It seems likely that the standardization of the script will be greatly influenced by the need to typeset it on computers. Work has been underway since around 2001 to develop Unicode fonts, and it seems likely that it will split into two variants, traditional and modern.
In this and other articles on Wikipedia dealing with the Assamese and Bengali languages, a Romanization scheme used by linguists specializing in Assamese and Bengali phonology is included along with IPA transcription.
The script presently has a total of 11 vowel letters, used to represent the seven vowel sounds of Bengali and eight vowel sounds of Assamese, along with a number of vowel diphthongs. All of these vowel letters are used in both Assamese and Bengali. Some of the vowel letters have different sounds depending on the word, and a number of vowel distinctions preserved in the writing system are not pronounced as such in modern spoken Bengali or Assamese. For example, the script has two symbols for the vowel sound [i] and two symbols for the vowel sound [u]. This redundancy stems from the time when this script was used to write Sanskrit, a language that had a short [i] and a long [iː], and a short [u] and a long [uː]. These letters are preserved in the script with their traditional names of "short i" and "long i", etc., despite the fact that they are no longer pronounced differently in ordinary speech.
Two additional modified Vowels, অ' and অ্যা, are not considered letters of the Eastern Nagari script, but are often used in Assamese and Bengali (respectively) to represent certain vowels when the intended pronunciation would otherwise be ambiguous.
Vowel signs can be used in conjunction with consonants to modify the pronunciation of the consonant (here exemplified by ক, kô). When no vowel Diacritic symbol is written, then the vowel "অ" (ô) is the default inherited vowel for the consonant. To specifically denote the absence of a vowel, a hôsôntô (্) may be written underneath the consonant.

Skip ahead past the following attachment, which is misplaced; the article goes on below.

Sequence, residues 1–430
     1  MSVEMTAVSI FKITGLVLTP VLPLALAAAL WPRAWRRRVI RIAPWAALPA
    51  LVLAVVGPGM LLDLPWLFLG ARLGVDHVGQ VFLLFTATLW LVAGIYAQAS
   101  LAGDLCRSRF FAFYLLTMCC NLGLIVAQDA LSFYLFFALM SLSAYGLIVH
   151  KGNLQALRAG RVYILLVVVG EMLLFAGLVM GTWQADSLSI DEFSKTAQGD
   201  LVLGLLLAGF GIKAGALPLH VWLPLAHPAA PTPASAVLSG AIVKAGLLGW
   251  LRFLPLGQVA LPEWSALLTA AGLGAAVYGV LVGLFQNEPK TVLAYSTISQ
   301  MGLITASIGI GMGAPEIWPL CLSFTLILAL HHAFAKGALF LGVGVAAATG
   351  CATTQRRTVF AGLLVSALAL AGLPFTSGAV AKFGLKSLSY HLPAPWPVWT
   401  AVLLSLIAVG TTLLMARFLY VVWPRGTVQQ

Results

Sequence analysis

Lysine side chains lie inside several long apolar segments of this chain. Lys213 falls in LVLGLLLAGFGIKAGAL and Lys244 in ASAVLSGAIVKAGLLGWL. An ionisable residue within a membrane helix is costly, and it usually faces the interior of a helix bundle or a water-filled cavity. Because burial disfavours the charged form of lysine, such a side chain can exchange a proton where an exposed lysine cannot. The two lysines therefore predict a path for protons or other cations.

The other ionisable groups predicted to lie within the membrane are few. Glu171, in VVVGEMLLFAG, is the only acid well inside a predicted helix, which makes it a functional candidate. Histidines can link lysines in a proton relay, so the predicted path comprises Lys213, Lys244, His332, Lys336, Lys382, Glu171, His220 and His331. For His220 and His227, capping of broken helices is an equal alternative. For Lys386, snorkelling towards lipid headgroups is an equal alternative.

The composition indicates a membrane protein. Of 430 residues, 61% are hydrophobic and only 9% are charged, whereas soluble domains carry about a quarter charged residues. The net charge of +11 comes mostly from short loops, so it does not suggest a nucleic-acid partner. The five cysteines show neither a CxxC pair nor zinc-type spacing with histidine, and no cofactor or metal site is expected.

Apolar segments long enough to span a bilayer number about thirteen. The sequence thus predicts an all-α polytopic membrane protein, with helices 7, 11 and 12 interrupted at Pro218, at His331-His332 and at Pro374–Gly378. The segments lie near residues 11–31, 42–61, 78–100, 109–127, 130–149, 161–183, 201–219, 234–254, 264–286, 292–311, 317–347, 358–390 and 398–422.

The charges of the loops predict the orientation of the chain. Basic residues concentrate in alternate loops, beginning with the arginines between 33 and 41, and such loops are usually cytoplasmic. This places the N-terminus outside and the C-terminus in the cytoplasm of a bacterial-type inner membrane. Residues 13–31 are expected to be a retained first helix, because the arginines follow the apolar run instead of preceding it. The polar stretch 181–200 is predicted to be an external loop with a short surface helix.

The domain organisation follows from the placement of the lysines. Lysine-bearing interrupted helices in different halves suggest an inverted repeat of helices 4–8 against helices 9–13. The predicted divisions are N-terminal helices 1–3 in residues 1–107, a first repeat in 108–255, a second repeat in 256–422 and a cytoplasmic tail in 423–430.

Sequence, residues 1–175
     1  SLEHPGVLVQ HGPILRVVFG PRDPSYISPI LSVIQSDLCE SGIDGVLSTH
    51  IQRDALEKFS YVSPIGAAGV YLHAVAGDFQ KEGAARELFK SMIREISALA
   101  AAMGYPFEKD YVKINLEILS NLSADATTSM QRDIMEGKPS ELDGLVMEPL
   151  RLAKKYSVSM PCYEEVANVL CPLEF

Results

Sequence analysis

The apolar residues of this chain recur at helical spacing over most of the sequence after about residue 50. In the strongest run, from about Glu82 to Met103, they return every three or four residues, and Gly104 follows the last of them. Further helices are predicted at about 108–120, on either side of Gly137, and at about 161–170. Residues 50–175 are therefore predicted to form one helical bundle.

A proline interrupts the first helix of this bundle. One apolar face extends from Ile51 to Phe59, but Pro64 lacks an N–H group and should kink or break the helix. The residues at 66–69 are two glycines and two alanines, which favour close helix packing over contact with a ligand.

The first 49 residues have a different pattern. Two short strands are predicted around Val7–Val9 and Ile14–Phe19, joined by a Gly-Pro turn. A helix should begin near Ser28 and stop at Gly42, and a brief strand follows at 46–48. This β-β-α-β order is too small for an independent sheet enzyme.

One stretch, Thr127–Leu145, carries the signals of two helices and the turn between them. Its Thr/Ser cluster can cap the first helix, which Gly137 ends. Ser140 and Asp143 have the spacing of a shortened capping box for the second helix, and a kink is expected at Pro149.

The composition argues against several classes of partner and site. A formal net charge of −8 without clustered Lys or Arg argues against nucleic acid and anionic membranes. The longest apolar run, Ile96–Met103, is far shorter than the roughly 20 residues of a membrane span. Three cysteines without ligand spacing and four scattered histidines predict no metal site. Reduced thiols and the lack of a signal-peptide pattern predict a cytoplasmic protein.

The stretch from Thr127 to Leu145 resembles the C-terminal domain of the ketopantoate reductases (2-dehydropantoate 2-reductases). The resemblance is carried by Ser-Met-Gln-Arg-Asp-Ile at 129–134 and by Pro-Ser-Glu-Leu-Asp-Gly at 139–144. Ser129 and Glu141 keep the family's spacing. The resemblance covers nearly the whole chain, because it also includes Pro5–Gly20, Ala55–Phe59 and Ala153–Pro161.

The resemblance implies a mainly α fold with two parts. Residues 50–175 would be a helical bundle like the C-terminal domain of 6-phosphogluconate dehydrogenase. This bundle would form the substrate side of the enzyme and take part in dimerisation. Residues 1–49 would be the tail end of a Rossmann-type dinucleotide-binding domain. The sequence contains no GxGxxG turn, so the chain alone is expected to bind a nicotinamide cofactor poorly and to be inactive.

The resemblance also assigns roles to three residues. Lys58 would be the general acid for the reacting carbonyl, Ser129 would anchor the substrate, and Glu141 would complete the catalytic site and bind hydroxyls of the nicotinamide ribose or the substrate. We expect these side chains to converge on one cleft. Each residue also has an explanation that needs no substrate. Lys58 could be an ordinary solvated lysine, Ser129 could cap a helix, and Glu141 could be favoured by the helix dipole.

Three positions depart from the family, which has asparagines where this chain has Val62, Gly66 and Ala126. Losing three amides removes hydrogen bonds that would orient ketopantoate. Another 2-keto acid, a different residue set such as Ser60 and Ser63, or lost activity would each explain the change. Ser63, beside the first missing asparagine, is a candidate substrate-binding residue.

The names of the consonant letters in Eastern Nagari are typically just the consonant's main pronunciation plus the inherent vowel "অ" ô. Since the inherent vowel is assumed and not written, most letters' names look identical to the letter itself (e.g. the name of the letter "ঘ" is itself ঘ ghô, not gh). Some letters that have lost their distinctive pronunciation in Modern Assamese and Bengali are called by a more elaborate name. For example, since the consonant phoneme /n/ can be written ন, ণ, or ঞ (depending on the spelling of the particular word), these letters are not simply called nô; instead, they are called "dental nô", "cerebral nô" and niô. Similarly, the phoneme /ʃ/ in Bengali and /x/ in Assamese can be written as "palatal shô/xhô" শ , "cerebral shô/xhô" ষ, or "dental sô/xô" স, depending on the word.
|Western Arabic numerals||0||1||2||3||4||5||6||7||8||9|
|Eastern Nagari numerals||০||১||২||৩||৪||৫||৬||৭||৮||৯|
Eastern Nagari in Unicode
The Unicode block for Eastern Nagari script, called Bengali, is U+0980–U+09FF:
Official Unicode Consortium code chart (PDF)
- Prabhakara, M S Scripting a solution, The Hindu, 19 May 2005.
- Bora, Mahendra (1981). The Evolution of Assamese Script. Jorhat, Assam: Assam Sahitya Sabha.